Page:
56 percent of Americans believe NAFTA has benefited the United States. Only among Republican voters do a majority believe the contrary.
Trump has denounced NAFTA as a "disaster" and the worst agreement ever signed by the United States, blaming it for a $64 billion trade gap with Mexico and loss of countless jobs.
According to Monica De Bolle, senior fellow at the Peterson Institute for International Economics, different trade bodies and organizations are working to convince the Trump administration "to move away from his very hard rhetoric."
Exiting NAFTA would be a grave mistake that could, among many other painful outcomes, devastate American agriculture, including wheat producers, according to the chamber.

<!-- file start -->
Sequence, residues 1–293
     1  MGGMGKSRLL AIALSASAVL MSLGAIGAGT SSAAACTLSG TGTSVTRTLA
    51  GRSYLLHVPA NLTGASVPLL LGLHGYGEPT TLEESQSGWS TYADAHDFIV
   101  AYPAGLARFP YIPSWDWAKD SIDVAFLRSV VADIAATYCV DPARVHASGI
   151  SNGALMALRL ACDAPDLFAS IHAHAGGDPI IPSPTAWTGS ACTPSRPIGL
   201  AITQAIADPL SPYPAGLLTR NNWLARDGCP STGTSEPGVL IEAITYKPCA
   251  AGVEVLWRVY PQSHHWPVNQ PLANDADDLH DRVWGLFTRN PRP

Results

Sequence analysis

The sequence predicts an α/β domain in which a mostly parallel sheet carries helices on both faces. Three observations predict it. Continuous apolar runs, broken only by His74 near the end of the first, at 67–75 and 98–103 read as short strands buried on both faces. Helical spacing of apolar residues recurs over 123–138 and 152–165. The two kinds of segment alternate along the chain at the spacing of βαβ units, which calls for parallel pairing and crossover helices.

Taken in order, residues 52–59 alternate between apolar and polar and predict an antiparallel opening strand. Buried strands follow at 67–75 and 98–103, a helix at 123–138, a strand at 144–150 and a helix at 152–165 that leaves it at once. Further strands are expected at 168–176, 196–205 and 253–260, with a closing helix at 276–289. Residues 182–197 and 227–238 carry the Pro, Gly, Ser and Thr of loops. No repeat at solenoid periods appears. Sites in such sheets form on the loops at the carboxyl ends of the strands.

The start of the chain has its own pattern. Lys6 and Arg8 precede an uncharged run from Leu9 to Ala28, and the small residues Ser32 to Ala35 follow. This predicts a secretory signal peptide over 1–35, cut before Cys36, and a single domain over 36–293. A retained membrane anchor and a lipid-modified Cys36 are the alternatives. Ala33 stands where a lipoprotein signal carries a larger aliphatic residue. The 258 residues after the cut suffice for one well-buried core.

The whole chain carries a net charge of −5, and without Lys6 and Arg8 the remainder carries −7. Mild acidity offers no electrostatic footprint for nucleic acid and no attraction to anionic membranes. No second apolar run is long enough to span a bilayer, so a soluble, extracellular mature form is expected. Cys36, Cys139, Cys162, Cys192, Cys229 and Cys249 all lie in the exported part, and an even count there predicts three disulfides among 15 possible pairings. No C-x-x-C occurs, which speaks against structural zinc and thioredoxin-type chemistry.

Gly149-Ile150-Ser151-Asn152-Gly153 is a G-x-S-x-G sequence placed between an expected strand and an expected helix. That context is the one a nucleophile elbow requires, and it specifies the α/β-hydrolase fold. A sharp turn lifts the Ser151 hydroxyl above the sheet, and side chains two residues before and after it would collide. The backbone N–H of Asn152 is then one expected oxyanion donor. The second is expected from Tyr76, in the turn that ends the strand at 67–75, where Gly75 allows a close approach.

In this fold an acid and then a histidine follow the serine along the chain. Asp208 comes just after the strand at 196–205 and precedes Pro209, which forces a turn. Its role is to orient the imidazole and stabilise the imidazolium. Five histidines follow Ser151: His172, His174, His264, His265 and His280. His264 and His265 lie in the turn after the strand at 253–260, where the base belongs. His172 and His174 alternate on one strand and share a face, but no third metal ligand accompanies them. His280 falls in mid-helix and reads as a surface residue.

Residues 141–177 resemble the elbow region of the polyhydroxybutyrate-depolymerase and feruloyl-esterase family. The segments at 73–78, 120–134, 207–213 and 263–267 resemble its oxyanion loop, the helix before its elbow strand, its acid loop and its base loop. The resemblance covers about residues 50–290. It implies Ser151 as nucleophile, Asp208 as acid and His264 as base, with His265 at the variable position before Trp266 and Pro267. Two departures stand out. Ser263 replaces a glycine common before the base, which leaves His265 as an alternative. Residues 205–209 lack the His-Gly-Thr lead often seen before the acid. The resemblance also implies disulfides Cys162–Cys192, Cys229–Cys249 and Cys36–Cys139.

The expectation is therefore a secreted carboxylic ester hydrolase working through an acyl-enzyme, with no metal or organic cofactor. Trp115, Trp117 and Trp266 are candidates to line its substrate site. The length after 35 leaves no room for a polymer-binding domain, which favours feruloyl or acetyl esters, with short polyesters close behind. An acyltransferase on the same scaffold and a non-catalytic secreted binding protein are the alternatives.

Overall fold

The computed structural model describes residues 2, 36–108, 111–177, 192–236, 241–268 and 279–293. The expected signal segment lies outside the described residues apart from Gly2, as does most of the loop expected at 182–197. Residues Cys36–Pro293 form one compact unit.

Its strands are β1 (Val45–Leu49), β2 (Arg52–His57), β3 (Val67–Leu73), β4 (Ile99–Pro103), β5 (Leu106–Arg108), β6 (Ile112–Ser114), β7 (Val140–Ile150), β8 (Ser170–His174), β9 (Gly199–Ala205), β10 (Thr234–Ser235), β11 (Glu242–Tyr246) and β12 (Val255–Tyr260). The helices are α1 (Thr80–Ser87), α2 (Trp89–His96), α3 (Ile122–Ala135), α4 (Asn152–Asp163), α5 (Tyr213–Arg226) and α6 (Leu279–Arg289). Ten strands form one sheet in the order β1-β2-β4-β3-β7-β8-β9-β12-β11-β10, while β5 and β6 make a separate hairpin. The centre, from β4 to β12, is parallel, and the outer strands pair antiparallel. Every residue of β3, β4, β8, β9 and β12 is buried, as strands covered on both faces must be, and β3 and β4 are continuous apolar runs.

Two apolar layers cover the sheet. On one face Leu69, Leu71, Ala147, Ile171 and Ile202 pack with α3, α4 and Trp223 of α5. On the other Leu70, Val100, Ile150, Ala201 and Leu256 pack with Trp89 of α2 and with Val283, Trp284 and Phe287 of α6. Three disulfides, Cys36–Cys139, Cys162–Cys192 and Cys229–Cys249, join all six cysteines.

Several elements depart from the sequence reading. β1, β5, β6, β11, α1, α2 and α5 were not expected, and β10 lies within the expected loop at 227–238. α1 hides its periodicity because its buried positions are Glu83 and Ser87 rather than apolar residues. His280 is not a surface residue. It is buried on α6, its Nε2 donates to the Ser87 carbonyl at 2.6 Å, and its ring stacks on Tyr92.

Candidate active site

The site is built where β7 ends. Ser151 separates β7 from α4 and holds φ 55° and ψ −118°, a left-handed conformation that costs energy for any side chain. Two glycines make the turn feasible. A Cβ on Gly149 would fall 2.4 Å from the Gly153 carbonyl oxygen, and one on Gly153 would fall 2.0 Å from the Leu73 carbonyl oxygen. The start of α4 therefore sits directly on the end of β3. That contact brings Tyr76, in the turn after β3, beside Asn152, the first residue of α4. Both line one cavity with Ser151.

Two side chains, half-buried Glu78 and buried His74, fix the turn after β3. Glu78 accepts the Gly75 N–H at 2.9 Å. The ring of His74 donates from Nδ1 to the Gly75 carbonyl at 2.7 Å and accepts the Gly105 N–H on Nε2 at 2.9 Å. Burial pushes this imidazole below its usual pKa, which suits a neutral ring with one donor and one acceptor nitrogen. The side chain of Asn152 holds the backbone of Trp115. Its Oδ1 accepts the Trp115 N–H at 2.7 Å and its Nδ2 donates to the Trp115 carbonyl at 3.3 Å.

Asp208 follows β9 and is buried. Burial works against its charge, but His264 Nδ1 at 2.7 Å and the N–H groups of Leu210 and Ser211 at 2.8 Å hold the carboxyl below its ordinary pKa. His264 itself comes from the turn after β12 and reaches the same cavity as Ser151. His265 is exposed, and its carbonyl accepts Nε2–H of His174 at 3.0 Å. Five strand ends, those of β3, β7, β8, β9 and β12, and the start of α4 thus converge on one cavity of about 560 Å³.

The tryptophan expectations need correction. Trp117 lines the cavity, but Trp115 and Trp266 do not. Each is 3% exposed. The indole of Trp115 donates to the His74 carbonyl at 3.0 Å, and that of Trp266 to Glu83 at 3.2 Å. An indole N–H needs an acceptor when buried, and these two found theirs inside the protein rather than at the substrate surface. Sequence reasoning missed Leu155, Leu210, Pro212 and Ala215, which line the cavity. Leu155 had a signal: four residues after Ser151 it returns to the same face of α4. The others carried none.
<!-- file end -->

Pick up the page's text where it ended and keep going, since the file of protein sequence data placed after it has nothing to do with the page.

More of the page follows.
Beth Ann Bovino, chief US economist at S&P Global Ratings, said many people were unaware of how trade had grown since NAFTA took effect in 1994.
"It has tripled since NAFTA was initiated," she told AFP.
She said the agreement had strengthened competitiveness among manufacturers by forcing businesses to innovate, "which has increased employment and investment opportunity in the end."
Exiting the treaty would drive up prices, slowing consumer spending -- a mainstay of the US economy -- and depressing corporate revenues as a result, Bovino added.
Citing an ImpactECON study, she said job losses for unskilled workers could rise as high as 250,000 positions in the three to five years following a withdrawal.
Adding skilled labor would see job losses rise by another million positions.